A house in our neighborhood burned down today. I was alerted to the fire by my wife who, while out running errands, saw the smoke and phoned. Curious I stepped out the front door to check it out, and sure enough there it was. A plume of smoke was rising out of the neighborhood near by, and I watched for a moment before returning to the air-conditioned comfort of my living room. I was convinced there was nothing I could do.
But my heart hearkened back to an era when the smoke would have elicited a different response from me. A time when the smoke would have drawn me to the scene, not as a sight seer, but as a much needed hand in fire fighting, or to assist in some other way. After extinguishing the fire there would've been an opportunity to assist in other ways and there would have probably been a house raising as well. Today if I had gone to help I would've been told by the fire department professionals to stay behind the yellow tape. The house will more than likely be rebuilt by an insurance company, so there won't be any house raising. That will be done by the professionals versed in construction and the myriad details of building code. So ultimately I can happily go about my business without having to be bothered by it at all.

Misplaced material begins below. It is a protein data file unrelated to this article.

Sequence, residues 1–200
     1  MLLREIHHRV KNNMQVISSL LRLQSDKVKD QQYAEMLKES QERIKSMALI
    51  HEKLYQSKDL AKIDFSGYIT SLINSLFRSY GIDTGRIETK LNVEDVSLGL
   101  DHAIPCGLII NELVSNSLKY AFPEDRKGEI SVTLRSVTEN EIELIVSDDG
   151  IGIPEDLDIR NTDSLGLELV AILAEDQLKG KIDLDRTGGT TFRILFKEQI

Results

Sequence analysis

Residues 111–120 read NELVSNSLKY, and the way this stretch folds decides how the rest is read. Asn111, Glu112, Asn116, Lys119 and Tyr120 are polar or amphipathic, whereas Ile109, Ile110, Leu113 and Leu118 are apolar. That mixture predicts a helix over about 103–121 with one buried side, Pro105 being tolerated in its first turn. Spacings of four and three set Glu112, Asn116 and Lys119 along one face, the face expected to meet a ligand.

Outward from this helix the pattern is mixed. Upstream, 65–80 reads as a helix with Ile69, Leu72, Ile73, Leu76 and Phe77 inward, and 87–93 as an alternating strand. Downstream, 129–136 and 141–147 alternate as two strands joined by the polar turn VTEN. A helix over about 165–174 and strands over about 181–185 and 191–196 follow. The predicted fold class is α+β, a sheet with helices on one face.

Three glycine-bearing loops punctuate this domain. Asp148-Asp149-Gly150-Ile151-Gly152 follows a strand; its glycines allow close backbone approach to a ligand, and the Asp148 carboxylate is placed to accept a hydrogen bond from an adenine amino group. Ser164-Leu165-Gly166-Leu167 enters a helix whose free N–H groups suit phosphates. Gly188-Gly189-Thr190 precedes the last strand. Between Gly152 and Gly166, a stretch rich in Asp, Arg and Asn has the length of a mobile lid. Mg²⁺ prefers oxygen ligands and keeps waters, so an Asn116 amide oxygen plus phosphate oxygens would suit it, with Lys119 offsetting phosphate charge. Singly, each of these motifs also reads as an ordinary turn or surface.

Such is the luxury of living in the modern world in a modern culture. As a society, for the time being anyway, we have successfully put suffering at arms length. But I can't help but wonder if the price humanity has paid to avoid suffering is not higher than the price of suffering itself. Even as I consider this article, my honest response is telling. I cringe and recoil at the thought of being bothered and imposed upon by my neighbor's woes, and I have no youthful fantasies about suffering with my neighbor either. I also know enough about suffering to understand that there's a reason why modern man goes to great lengths to eliminate it from the realm of his existence. But still this event has given me cause to feel somewhat plagued by the loss of something; something that can only be gained, I fear, through suffering.
Right vs Real - A longtime friend of mine has always drawn a distinction between "right" and "real". Ask a Christian a plainly-known question like "Are we saved by faith o...